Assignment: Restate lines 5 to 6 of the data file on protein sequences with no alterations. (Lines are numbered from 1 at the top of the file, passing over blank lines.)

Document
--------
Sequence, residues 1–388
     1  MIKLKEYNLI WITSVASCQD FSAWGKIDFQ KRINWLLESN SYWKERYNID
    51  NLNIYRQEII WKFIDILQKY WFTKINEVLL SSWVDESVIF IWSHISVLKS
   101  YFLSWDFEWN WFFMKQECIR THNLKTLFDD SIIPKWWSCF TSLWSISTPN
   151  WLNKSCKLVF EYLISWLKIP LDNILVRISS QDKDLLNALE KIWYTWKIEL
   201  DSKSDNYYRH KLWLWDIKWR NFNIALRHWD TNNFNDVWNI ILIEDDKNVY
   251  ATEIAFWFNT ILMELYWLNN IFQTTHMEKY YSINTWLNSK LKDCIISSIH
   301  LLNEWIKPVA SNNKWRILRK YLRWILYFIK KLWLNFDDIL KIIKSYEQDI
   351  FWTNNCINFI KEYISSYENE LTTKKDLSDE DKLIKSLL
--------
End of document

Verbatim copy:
   151  WLNKSCKLVF EYLISWLKIP LDNILVRISS QDKDLLNALE KIWYTWKIEL
   201  DSKSDNYYRH KLWLWDIKWR NFNIALRHWD TNNFNDVWNI ILIEDDKNVY